brochures, fancy cards, or web sites to be successful. But we do need a way of
telling the world what we do, in language that they can understand, in a
one-to-one conversation that people find engaging.
“I am a coach” doesn’t
work. Neither does “I am a
therapist”. If we are going to attract clients, we need to get out of the “I
am a …” habit. Let’s start to think up and design a few alternatives. A
good seven-second introduction is more powerful than £10,000 worth of
advertising or PR.
is the key. The ability to get into another’s shoes totally changes our
language. Just as we have never seen the nose on our own face, we need another
human being in order to get the language right. The benefits are doing so are
immediate increase in confidence
being attractive to potential
clients, and other people who might be able to identify them for us
the joy of being ourselves and
expressing that, rather than some plastic persona that we feel obliged to create
ultimately, we can delegate the
prospecting to others, and give potential clients the language that allows them
to identify themselves to us - rather than us trying to find them.
(Just imagine if I had written
this in legal jargon!)
3. The Client Journey
Once we know who our ideal
clients are, once we have the language that reaches them, we have prepared the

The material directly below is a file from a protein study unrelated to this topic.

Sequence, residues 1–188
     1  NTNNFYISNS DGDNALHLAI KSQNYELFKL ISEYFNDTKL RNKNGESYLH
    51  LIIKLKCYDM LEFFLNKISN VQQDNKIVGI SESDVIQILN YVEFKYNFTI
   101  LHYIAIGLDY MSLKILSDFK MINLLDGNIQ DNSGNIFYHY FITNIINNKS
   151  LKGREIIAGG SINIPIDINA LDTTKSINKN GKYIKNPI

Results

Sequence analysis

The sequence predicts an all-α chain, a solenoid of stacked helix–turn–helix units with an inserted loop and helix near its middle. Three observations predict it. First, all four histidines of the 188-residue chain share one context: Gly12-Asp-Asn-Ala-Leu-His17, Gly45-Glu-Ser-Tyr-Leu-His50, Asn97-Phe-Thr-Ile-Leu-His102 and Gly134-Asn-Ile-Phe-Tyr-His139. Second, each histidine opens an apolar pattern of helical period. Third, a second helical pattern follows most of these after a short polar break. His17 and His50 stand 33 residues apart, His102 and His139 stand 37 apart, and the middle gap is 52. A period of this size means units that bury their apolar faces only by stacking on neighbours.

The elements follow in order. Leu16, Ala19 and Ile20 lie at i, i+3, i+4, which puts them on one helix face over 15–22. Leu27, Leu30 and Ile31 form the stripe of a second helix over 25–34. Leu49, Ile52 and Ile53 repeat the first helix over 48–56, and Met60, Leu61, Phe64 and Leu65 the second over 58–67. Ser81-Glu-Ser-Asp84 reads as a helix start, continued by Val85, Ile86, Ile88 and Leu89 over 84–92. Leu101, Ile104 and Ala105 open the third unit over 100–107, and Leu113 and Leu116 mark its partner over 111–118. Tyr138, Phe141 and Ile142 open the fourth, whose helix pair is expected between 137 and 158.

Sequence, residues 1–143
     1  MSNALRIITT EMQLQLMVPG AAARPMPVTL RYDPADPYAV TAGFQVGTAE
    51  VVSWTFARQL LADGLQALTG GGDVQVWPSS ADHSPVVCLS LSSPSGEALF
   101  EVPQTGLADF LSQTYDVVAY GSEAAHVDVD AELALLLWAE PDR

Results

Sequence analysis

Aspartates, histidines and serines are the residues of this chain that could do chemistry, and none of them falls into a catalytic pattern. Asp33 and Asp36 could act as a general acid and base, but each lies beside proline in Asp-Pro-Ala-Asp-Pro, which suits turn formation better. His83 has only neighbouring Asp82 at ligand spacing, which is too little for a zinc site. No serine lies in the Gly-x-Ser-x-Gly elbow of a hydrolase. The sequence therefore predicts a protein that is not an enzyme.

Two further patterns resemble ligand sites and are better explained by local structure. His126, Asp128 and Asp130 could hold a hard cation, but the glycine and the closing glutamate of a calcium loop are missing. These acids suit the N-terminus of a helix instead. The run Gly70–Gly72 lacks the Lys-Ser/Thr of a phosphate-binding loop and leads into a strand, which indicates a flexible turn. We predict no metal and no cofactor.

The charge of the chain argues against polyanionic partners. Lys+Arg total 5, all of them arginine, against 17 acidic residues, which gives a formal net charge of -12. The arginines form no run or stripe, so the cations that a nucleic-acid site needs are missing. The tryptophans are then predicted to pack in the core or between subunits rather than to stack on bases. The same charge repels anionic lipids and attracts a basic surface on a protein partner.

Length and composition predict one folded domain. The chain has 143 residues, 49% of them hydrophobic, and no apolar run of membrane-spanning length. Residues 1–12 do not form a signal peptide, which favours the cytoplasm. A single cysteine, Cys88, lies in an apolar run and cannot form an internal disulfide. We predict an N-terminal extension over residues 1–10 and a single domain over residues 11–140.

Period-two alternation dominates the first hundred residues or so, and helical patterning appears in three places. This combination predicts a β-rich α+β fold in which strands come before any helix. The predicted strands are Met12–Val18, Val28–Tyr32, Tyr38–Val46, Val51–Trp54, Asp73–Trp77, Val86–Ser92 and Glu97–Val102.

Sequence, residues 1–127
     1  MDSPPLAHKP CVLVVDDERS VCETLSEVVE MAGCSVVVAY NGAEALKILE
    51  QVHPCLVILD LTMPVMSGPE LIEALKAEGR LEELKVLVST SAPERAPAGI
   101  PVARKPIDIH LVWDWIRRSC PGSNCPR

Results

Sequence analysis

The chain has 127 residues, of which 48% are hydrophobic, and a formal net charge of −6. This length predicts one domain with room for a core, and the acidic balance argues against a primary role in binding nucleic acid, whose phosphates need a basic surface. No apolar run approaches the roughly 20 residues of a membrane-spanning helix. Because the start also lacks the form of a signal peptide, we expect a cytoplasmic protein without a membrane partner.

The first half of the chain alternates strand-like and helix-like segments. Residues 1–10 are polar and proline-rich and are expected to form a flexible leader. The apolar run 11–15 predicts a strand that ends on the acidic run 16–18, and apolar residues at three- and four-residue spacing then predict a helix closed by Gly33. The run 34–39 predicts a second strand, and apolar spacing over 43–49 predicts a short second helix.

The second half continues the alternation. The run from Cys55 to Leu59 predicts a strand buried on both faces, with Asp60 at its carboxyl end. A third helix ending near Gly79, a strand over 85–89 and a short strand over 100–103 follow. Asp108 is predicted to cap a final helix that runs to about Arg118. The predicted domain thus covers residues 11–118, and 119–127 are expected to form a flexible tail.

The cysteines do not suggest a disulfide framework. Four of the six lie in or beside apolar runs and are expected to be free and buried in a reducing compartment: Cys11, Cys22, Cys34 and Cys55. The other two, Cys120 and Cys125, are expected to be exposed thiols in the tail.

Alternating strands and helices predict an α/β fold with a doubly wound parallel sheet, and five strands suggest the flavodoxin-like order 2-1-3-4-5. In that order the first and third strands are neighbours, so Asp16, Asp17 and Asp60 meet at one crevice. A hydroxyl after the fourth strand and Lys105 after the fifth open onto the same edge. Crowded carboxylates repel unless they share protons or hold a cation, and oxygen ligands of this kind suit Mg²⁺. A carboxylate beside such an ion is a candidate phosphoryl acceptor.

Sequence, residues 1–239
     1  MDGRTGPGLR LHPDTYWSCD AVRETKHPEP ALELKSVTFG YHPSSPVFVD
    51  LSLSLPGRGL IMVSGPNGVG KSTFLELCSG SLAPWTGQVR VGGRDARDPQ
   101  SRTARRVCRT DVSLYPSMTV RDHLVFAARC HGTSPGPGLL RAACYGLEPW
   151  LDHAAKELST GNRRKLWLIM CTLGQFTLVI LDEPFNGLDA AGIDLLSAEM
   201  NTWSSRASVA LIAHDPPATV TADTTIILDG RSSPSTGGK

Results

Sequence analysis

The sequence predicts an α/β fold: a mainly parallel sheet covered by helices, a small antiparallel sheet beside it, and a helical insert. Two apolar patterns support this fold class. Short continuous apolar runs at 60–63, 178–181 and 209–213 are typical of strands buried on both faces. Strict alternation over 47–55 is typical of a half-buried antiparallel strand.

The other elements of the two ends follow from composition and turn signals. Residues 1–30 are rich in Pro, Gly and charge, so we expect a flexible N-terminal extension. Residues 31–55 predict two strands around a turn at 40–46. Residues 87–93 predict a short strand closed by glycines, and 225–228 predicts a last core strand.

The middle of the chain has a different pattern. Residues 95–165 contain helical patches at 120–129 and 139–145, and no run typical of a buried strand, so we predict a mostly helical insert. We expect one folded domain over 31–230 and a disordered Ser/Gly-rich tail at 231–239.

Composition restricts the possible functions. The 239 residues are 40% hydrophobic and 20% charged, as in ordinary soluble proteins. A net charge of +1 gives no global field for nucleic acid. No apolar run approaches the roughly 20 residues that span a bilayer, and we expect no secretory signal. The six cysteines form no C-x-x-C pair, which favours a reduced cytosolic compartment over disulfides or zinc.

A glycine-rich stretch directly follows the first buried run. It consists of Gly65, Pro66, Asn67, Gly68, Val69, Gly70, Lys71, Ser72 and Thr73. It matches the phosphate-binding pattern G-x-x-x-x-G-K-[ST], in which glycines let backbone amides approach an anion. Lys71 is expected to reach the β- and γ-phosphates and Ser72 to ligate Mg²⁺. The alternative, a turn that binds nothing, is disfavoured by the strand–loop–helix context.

ground and are ready to plant some seeds. In order to do so, sooner or later we
have to go outdoors. Just as we cannot grow a garden by watching Alan Titchmarsh
on TV, we have to put on the old trainers and face outdoors in springtime.
We can feel shivery in the
garden in February. We can feel
very sensitive when we start to disclose our profession to others.
Perhaps they will scoff, or question our competence. Perhaps they will
sidle away from the “psycho” word.
So, we need some warm clothes
to protect us in early spring. Our seven-second introduction is one such
garment. Knowing specifically who we are looking for is another. But the really
protective “macintosh” is having a simple follow-up system – that is
respectful, engaging, and does not threaten people.
Here’s an example. If you
are busy, would you like to receive “100 Tips to Find Time”. If so
please email email@example.com
Is it OK if we include you in our monthly email newsletter, which
is not a brochure, but similar tips and stories?
Did you feel threatened by
those last two questions? Here are two follow-up systems, and we haven’t even
met yet! There are dozens to choose
from – come along and pick one that suits you.
If we know where we will meet
ideal clients, and we know what our follow-up system is, meeting people is easy.
You can just turn-up and enjoy the occasion. You know what you do, and can say
that in a way that engages attention. You have a follow-up system, which you can
use with anyone who has given their permission. As you will see when we meet,
the rest is easy.
These are the first steps, the
first hurdles to a national reputation if you want it. For me and dozens of my
coaching clients, there is no Plan B required. It’s so simple, it’s
deceptive. If it doesn’t work, the kids wont eat!
But if my client’s reputations are bringing them all the business they
want year after year, I think I can trust the process. Many of us enjoy high
incomes, and there is no reason why you should not be equally rewarded for your
“If I had four hours to cut
down a tree, I would spend three of them sharpening my axe”
information about individual coaching programmes, please visit www.success121.com
Added Aug 26, 2002 | 7,926 Reads